Struggling Local Commercial Dairies

by Catherine Haug

September 27 update: The Daily Interlake featured this local dairy in today’s Sunday Paper: Milky Way. This article included some new information:

  • The new dairy will be called “Kalispell Kreamery;”
  • They will sell pasteurized, non-homogenized milk, cottage cheese, and ice cream in local stores, as well as at the dairy.

Our two local commercial dairies in the Flathead Valley are struggling, and it can’t all be blamed on the down economy.  Or at least that’s the message in a recent article in the Flathead Beacon: The Flathead’s Last Dairy Farms.

At one time, there were over 25 dairy farms in the valley, and all sold their milk to locally owned processing facilities such as Skyline and Glacier. But consolidation that was rampant throughout American business world also affected dairies.  One by one, these processing facilities folded, and along with them, many of the dairy farms pulled up stakes, selling their land to developers. Only one processing plant and two dairy farms remained.

Until a year ago, our two dairy farms sold their milk to Skyline Dairy, which was eventually bought by Meadow Gold, a division of the national company Dean Foods. Then the local processing plant closed down and our dairies switched to selling their milk to a Bozeman Co-op Dairy, Country Classics.

Now the problem is that our dairy farmers, like their counterparts across the country, are struggling to make ends meet. From the Beacon article:

“Prices are set by the Montana State Milk Control Board, which makes some adjustments to the national rate set by the U.S. Department of Agriculture, which uses cheddar cheese futures on the Chicago Mercantile Exchange as a benchmark. It’s been months since the market price was high enough to pay the bills; according to the USDA, the local price would have to increase more than $5 to cover the average costs of running an American dairy farm. …

Farmers make less than $1 a gallon, according to the National Milk Producers Federation. In Montana, Bill [Hedstrom] puts the actual cost of a gallon of milk, including production and processing, at less than $1.50 [a gallon]. …

The reason for the steep decline in dairy profits is simple, analysts and farmers say: too much milk and not enough demand for it.”

Why is there a glut in milk supply? There’s two likely reasons: consumers are not buying as much milk as they used to; and, as dairyman Joe Brenneman is quoted in the article,

“If there’s one thing farmers do best, it’s if a commodity is doing well, we quickly produce too much.”

In the face of the current money-losing situation, one local dairy farmer is going local. Bill and Marilyn Hedstrom will no longer sell their milk to a distant processor. Instead, they invested in processing equipment and will sell their milk directly from their farm, doing business as Kalispell Kreamery. It will be available in local stores, or you can bring your jars to the farm and ‘fill ‘er up.’ You can inspect the facility, and meet the cows, too.

““I think people are ready to know their farmer again,” Marilyn said.”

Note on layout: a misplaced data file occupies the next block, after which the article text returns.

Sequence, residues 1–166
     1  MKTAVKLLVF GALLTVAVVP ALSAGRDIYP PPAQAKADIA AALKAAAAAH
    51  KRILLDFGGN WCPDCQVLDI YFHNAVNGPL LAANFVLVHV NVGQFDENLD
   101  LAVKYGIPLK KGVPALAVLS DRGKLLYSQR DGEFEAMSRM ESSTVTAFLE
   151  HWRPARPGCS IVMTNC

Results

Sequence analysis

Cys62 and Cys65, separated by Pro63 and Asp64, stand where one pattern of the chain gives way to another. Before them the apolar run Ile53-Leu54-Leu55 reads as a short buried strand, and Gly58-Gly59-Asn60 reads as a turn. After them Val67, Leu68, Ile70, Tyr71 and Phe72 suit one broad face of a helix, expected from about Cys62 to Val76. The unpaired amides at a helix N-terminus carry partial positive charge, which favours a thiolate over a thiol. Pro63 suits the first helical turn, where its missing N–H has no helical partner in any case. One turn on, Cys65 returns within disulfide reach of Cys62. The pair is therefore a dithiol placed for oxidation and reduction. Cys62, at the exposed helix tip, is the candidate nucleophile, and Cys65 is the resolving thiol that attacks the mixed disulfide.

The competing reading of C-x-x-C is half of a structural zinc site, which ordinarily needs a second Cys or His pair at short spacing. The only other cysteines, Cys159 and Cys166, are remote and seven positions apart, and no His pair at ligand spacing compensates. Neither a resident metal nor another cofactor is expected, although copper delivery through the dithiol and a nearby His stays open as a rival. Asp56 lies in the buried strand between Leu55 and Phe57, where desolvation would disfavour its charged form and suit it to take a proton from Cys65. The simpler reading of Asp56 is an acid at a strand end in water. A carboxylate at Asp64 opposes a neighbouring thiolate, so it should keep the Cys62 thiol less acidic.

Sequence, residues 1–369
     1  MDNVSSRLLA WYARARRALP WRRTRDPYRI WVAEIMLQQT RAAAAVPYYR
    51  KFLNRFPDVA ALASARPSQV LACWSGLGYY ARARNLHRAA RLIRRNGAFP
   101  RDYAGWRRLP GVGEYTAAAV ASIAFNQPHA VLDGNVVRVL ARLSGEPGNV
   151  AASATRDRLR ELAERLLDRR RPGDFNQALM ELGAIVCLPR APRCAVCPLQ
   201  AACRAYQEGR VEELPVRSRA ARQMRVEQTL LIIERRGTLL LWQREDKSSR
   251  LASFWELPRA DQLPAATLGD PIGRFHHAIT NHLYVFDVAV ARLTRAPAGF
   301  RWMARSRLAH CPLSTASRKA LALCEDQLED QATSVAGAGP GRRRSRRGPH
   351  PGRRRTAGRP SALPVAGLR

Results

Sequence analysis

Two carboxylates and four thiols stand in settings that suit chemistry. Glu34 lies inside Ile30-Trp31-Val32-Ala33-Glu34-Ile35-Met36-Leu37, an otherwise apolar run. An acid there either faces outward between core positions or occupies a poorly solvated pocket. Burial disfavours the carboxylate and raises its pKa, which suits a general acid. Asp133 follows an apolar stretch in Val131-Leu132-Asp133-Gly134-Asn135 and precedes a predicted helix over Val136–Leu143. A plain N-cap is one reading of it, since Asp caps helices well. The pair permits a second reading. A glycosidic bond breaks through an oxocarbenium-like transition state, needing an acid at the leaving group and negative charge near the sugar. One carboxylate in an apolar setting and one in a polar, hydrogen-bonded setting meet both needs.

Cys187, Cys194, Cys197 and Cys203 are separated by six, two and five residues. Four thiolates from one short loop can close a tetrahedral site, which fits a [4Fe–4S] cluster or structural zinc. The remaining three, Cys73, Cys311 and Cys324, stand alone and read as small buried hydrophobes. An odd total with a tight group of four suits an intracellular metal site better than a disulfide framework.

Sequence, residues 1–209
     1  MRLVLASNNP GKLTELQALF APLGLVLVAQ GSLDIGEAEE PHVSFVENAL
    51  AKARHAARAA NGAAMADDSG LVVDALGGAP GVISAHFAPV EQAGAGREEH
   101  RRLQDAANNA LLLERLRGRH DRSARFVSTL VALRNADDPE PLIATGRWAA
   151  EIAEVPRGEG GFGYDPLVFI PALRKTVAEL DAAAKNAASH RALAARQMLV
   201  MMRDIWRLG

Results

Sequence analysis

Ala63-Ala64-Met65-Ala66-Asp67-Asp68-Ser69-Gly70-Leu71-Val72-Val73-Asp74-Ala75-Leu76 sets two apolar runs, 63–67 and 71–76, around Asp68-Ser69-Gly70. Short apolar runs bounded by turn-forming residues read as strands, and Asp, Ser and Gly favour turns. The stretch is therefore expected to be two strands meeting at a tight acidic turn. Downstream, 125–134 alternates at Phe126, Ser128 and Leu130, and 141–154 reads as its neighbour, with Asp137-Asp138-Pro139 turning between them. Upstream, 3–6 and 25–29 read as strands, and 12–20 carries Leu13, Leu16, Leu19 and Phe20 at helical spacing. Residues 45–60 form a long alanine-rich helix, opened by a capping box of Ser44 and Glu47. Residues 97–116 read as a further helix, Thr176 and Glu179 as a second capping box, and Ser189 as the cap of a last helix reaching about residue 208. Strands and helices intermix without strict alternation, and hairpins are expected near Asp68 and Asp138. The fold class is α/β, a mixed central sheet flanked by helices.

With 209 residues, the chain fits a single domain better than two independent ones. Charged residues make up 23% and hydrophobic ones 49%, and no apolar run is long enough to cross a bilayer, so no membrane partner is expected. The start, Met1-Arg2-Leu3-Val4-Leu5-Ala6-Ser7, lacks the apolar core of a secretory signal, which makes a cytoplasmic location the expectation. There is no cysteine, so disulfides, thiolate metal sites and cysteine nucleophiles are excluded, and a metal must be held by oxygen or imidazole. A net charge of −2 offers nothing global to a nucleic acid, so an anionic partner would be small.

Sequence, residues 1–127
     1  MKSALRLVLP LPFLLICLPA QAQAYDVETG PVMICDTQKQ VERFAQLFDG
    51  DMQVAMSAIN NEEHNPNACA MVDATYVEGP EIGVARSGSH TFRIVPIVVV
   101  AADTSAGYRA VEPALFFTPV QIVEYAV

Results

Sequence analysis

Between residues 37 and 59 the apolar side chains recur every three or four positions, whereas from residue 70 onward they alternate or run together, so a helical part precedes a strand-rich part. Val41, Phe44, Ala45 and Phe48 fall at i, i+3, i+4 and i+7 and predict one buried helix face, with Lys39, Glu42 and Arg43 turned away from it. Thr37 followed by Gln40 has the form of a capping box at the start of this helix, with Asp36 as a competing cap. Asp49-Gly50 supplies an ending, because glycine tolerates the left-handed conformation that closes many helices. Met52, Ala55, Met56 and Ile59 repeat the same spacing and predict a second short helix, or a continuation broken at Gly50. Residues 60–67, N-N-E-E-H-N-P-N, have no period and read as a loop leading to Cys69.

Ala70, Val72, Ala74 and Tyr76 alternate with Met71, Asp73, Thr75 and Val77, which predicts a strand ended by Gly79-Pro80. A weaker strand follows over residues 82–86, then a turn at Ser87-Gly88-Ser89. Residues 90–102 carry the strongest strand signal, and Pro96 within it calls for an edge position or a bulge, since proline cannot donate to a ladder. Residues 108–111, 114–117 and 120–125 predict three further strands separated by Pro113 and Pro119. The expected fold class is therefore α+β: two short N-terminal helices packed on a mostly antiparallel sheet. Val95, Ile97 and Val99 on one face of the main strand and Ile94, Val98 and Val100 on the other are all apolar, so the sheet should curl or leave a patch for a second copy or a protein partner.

While their milk isn’t Organic, they don’t use antibiotics or hormones. Their facility will be inspected regularly, just like other facilities in the state.  The milk will be pasteurized, but not ultrapasteurized (the method used for almost all milk available in stores), so some of the nutrient value will be retained. And it’s not homogenized, so the cream will be on the top.

In addition to milk, the dairy will also sell ice cream and cottage cheese.

Once you taste delicious, fresh, local milk, you and your family just might fall in love with milk all over again.

NOTE: for more on the types of pasteurization used with milk and other foods, see my essay on Food Safety & Pasteurization.

Benefits of Local Milk

Here’s a short list; I’ll bet you can think of even more:

  • The biggest benefit is freshness.  Instead of ultra-pasteurized milk that sat in a warehouse for weeks, before being trucked to your grocery, so that it is at least 30 days old, you get milk that came from the cow a day ago.
  • Every dollar you spend on any locally-produced product stays in the local community, providing more benefits than dollars removed to non-local coffers (for more, refer to my post Buy Local Flathead).
  • The success of local producers ensures availability of milk when grocer’s shelves are empty (because it is no longer cost-effective to truck foods into the area from distant producers). On the other hand, if our local dairy farmers go out of business, we will be forced to pay high prices for trucked-in milk, or do without.
  • Consuming locally-produced products such as milk builds community by encouraging interdependence with other community members.
  • Minimizes fuel use and CO2 emissions when local products are consumed (see also Entrepreneurial Opportunities, below).

Entrepreneurial Opportunities

Milk Delivery

It’s not very fuel efficient, if a lot of people chose to make the drive to Hedstrom’s farm for their milk; especially if their customer base includes the entire valley. This opens an opportunity for a new entrepreneurial endeavor that is catching on in more urban areas around our country:  Milk Delivery. See my related post: Local Dairy with Milk Delivery.

Butter, Yogurt or Cheese Maker

Typically, cows produce more milk than the community can consume as milk. When milk nears the end of its shelf life, there are two choices: toss it, or culture it. Consider culturing milk for a profit.



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